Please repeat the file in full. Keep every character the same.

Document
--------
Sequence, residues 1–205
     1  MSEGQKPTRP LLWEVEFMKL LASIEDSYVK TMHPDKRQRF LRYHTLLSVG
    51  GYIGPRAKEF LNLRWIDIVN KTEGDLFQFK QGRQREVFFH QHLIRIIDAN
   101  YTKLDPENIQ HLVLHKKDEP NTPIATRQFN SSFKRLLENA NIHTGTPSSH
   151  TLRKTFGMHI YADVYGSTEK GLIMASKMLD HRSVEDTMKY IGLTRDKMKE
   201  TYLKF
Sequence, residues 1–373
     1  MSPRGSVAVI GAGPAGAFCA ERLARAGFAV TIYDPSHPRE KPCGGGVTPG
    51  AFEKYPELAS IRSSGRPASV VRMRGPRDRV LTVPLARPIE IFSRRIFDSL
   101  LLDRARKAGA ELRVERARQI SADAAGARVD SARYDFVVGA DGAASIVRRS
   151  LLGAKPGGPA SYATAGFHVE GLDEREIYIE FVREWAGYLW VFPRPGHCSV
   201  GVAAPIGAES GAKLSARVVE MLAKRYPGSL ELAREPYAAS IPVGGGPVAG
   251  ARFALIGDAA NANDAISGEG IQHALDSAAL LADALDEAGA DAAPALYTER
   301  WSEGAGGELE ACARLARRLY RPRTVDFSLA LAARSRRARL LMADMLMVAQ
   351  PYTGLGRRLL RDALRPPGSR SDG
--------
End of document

Sequence, residues 1–205
     1  MSEGQKPTRP LLWEVEFMKL LASIEDSYVK TMHPDKRQRF LRYHTLLSVG
    51  GYIGPRAKEF LNLRWIDIVN KTEGDLFQFK QGRQREVFFH QHLIRIIDAN
   101  YTKLDPENIQ HLVLHKKDEP NTPIATRQFN SSFKRLLENA NIHTGTPSSH
   151  TLRKTFGMHI YADVYGSTEK GLIMASKMLD HRSVEDTMKY IGLTRDKMKE
   201  TYLKF
Sequence, residues 1–373
     1  MSPRGSVAVI GAGPAGAFCA ERLARAGFAV TIYDPSHPRE KPCGGGVTPG
    51  AFEKYPELAS IRSSGRPASV VRMRGPRDRV LTVPLARPIE IFSRRIFDSL
   101  LLDRARKAGA ELRVERARQI SADAAGARVD SARYDFVVGA DGAASIVRRS
   151  LLGAKPGGPA SYATAGFHVE GLDEREIYIE FVREWAGYLW VFPRPGHCSV
   201  GVAAPIGAES GAKLSARVVE MLAKRYPGSL ELAREPYAAS IPVGGGPVAG
   251  ARFALIGDAA NANDAISGEG IQHALDSAAL LADALDEAGA DAAPALYTER
   301  WSEGAGGELE ACARLARRLY RPRTVDFSLA LAARSRRARL LMADMLMVAQ
   351  PYTGLGRRLL RDALRPPGSR SDG